By Saving Banamungu • August 18, 2016
When I heard that Kimmy, my lecturer friend from my days at Holistic counseling College was looking for volunteers to accompany her on a mission of mercy trip to Rwanda, I rang her and put my name forward the first chance I got. Having always had a hankering to visit Africa, I saw this as an ideal opportunity to do so and assist in some good works at the same time. Kimmy had been to Rwanda twice before. Firstly on a holiday to see the mountain gorillas and the next using her skills as a clay therapist to set up a practice attempting to ease the terrible mental trauma that practically all Rwandans still carry from memories of the bloody genocide carried out there in 1994. The second trip had been very successful and this time she was planning to take a small group with her to teach clay therapy to a hundred and sixty pyschology students at the University of Rwanda in Buture.
Clay therapy is normally used to analyse children and less articulate adults suffering from problems involving the mind. It works by giving the patient a piece of clay and asking them to make something out of it. It is not necessary to be good at pottery or even artistic at all as whatever shapes and forms the patient creates are then analysed with a view to discovering the underlying problem. In Rwanda, she found that trauma sufferers, after making a shape they were satisfied with, found it much easier to discuss their mental agonies. Usually the recollections are so painful, they cannot bring themselves to speak of it and normal counseling always ended in floods of tears. Kimmy had brought a very real relief to them in this way and her efforts were very much appreciated.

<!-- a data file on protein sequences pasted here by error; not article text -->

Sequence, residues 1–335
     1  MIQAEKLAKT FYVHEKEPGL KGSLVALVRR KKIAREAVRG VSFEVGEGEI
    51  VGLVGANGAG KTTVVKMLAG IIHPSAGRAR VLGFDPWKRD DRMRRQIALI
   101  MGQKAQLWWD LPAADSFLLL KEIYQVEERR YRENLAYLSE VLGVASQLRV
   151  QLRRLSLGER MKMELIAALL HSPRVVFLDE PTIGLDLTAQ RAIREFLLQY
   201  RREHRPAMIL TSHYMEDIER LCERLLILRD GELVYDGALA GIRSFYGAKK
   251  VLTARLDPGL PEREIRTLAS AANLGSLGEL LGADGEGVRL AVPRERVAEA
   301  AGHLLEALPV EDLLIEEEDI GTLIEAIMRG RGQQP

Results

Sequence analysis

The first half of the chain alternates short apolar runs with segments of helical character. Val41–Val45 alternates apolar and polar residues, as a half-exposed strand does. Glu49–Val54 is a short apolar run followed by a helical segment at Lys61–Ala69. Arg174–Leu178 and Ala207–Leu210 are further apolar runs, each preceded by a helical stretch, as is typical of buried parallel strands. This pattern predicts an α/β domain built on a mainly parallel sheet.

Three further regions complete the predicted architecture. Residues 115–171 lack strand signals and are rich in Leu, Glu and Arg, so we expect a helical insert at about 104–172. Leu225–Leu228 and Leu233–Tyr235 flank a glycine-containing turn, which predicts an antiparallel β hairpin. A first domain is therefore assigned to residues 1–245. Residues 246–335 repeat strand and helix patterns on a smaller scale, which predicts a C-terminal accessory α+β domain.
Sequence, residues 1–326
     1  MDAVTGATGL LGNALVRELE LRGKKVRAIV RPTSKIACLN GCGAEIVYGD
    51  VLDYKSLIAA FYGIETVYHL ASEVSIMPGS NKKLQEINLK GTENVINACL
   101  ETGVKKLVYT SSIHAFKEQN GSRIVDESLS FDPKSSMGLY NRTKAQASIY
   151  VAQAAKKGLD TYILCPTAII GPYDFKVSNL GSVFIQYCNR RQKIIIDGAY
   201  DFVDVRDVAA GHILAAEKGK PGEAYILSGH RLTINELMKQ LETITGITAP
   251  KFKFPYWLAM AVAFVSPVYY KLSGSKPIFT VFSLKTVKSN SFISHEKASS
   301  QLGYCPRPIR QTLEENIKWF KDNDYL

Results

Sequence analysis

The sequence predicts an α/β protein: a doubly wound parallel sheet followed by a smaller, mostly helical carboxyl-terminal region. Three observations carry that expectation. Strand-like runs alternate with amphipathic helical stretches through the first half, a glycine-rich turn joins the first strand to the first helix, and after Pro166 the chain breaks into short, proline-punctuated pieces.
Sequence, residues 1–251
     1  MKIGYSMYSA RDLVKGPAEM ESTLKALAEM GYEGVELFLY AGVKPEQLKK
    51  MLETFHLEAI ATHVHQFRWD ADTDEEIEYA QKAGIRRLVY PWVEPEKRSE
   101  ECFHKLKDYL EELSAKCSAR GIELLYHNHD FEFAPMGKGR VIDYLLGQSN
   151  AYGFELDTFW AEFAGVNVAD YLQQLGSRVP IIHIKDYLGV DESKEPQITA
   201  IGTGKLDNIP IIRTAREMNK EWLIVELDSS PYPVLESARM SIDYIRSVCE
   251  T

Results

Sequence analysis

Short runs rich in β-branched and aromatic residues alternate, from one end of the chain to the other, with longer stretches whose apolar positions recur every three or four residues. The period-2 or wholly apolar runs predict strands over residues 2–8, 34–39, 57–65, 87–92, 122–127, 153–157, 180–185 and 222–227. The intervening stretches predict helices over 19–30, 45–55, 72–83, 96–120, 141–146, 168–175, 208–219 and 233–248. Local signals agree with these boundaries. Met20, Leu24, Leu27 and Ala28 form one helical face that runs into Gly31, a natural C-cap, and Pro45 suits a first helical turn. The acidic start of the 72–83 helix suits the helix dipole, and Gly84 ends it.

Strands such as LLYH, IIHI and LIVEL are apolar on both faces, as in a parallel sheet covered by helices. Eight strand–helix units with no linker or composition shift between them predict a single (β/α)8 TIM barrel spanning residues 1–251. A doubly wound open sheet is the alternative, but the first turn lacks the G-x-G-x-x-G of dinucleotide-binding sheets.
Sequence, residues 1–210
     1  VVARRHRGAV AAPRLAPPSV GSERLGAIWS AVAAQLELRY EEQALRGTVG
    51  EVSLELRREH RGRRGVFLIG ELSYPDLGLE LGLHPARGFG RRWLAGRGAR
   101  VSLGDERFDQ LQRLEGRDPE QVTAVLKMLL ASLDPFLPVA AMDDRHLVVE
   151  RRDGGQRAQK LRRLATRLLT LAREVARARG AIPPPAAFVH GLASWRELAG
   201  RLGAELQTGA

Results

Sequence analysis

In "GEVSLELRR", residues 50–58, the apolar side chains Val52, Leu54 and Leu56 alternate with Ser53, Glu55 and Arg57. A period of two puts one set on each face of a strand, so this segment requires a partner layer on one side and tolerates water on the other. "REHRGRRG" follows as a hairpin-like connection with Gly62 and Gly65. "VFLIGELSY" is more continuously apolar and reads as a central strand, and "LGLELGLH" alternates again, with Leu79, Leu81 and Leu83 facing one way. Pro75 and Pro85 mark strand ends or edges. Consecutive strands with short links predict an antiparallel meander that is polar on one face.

The team of five; Kimmy, Leah, Kasia, Anita and myself, were all trained in clay therapy and although I had never actually practiced it, I went along as an assistant and photographer to record the whole event. The sixth member of the team, Banamungu, a big-hearted Rwandan Rastaman and musician, was already there and it was he who had first introduced Kimmy to the largely unspoken of legacy the soldiers of the genocide left behind. Himself having lost his mother and stepfather in the wholesale killing. Before they begun the ten month long massacre, which claimed around a million lives, mostly by machette, the soldiers were infected with AIDS and raped as many women and girls as they could. As far as atrocities go, the Rwanda genocide would be pretty hard to beat. Rwanda has orphanages filled with children born with AIDS and Banamungu often helped out and entertained the children with his songs and dancing.